Malone's work arrangement consists of going into the office early Monday through Thursday and working from home on Friday mornings. He also works a compressed workweek, so he's off on Friday afternoons.
Alice McCaslin, who works four nine-hour days as a senior finance analyst at Abbott Laboratories outside of Chicago, said she, too, has to be flexible to make her situation work. She said there are times when she will have to come into the office on her day off, Monday, but that the company gives her comp time in return.
"I give, I get my job done, and Abbott gives back," said McCaslin, who made the alternative schedule so she could spend more time with her two daughters. "It's good for me and it's good for my family."
Some 40 percent of Abbott employees use flextime, which is often arranged on a case-by-case basis. But the company also has a Web job board, where employees who want to work reduced or alternative hours can apply for other jobs -- or even post listings to "job share" with another worker who might be in the same position.
Though some companies are more progressive in the area of flexible work arrangements than others, experts tend to agree that eventually more and more companies will have to move forward in the arena as employees become more mobile and put more emphasis on different areas of their lives.
"There are more and more men, post-9/11," looking for other work arrangements, said Clapp of Right Management Consultants. "Before that, there were more people willing to sell their souls for advancement."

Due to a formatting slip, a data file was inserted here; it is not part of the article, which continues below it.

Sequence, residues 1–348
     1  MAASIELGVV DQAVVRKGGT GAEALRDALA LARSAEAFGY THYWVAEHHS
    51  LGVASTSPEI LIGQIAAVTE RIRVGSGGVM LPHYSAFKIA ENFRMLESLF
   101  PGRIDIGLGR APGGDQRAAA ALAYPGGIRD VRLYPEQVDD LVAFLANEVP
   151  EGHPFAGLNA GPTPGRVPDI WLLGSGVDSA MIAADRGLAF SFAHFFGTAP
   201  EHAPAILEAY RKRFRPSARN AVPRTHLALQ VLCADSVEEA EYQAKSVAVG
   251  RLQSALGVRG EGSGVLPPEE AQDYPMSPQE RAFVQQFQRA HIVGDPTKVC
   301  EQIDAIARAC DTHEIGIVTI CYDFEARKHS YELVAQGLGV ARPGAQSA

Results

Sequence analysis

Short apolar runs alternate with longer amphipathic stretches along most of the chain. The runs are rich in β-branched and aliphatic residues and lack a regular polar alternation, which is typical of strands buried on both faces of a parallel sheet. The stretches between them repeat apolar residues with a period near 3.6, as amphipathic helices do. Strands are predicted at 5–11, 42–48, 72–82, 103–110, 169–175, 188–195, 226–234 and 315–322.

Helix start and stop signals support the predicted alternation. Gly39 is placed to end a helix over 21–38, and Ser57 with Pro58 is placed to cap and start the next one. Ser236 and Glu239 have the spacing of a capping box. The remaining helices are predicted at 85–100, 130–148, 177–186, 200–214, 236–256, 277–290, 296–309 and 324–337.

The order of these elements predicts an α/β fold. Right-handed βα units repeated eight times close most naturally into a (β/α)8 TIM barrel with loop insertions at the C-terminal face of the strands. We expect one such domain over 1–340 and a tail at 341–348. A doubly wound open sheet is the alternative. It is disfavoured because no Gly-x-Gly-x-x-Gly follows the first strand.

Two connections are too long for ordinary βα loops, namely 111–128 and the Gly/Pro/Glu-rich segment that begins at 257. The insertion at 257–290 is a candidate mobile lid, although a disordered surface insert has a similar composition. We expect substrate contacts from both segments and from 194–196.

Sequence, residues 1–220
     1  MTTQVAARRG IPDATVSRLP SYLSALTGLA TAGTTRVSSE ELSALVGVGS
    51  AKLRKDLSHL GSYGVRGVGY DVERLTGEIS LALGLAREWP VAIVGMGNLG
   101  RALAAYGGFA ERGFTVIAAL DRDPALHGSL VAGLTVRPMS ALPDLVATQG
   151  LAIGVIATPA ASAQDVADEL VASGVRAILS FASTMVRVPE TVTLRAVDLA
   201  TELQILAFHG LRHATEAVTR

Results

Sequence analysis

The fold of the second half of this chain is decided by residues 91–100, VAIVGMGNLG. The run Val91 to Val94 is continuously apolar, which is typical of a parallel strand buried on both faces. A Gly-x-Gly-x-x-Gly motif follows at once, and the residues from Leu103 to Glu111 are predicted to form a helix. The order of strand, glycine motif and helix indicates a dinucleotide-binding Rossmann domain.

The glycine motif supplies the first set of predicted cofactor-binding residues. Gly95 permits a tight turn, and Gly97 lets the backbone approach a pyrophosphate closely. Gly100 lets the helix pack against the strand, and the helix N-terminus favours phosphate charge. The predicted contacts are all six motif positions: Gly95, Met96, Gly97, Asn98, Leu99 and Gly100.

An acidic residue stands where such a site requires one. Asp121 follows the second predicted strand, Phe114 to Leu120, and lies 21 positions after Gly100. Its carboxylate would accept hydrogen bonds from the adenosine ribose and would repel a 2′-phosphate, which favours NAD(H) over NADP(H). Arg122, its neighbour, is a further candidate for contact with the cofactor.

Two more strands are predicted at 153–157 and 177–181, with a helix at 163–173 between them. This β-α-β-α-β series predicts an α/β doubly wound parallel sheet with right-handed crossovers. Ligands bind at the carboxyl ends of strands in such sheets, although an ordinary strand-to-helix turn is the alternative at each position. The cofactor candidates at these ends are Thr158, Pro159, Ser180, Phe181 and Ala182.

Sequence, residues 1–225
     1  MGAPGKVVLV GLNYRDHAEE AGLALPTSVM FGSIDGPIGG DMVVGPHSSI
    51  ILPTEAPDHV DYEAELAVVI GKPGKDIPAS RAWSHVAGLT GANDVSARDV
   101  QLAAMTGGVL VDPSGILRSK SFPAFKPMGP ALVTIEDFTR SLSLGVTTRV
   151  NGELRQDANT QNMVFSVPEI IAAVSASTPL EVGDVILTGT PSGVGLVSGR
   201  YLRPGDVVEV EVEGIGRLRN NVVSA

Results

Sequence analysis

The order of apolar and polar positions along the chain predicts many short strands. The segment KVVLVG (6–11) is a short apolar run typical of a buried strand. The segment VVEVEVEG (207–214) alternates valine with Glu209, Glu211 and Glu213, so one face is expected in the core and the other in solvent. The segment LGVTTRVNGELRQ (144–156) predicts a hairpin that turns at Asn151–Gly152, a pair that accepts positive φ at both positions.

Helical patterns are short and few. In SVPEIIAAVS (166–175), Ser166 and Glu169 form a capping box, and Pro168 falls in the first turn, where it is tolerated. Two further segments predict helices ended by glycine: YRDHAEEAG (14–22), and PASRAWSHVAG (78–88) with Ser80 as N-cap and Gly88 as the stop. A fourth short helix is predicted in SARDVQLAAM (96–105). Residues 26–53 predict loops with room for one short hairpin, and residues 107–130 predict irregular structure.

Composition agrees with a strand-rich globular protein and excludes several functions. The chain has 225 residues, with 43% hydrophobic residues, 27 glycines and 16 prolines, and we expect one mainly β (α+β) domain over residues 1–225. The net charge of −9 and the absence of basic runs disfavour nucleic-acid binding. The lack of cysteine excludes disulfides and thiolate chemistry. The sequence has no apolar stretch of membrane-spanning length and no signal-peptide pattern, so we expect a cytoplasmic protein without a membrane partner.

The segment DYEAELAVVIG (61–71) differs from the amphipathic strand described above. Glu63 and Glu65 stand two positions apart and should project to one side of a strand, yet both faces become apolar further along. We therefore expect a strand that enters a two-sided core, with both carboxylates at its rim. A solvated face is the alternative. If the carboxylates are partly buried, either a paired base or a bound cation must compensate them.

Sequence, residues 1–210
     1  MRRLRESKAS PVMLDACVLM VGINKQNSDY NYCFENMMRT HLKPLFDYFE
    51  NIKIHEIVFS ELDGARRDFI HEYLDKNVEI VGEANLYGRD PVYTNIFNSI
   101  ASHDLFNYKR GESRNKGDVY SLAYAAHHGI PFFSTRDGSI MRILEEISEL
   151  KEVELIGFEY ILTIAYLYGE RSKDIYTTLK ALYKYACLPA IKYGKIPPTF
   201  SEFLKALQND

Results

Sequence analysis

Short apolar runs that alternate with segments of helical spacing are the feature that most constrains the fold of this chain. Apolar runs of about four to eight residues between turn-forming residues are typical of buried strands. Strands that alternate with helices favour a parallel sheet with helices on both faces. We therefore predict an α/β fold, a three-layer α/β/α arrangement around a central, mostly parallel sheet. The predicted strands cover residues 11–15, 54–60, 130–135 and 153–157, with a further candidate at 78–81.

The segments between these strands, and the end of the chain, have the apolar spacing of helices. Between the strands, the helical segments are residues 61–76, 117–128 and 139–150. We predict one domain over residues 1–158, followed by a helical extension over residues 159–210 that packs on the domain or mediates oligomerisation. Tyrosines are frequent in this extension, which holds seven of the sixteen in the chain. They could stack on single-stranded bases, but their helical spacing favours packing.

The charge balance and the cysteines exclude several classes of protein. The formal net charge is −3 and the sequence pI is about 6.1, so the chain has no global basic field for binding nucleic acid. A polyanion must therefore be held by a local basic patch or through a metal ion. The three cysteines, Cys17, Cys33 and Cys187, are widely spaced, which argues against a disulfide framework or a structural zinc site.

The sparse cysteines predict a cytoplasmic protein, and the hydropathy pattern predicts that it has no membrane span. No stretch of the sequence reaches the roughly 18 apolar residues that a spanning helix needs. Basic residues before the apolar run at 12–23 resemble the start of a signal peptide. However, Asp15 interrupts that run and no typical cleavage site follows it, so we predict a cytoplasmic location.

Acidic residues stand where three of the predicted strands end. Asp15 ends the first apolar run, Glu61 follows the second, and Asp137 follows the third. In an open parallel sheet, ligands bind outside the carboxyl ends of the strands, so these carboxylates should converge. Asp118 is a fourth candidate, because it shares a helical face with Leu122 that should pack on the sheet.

According to the Bureau of Labor Statistics, slightly more men than women worked flexible schedules even before the Sept. 11, 2001, terrorist attacks on the World Trade Center and the Pentagon, which made many Americans rethink their approach to life. In May 2001, about 30 percent of men and 27.4 percent of women said they were on some type of flex schedule.
The data include not only people who arrange schedules by choice, but also those who work alternative shifts, including overnight, which may be a contributing factor to the higher percentage of men using flextime in this particular survey. According to the data, men were more likely than women to work alternative shifts, 16.4 percent compared with 12.1 percent.
But as more employees desire a flexible schedule and as technology continues to evolve, with laptops, e-mail, cell phones and pagers only getting better, the fear that employees won't be connected to the office by working from home or at varying hours is slowly disappearing. And as companies become more global, with work taking place at all hours, flexible schedules -- from both an employer and employee standpoint -- are becoming more necessary.
"How work gets done is changing dramatically," said Levey of Catalyst Women. "If you're in a Starbucks on your laptop or on a conference call at home -- that's work now."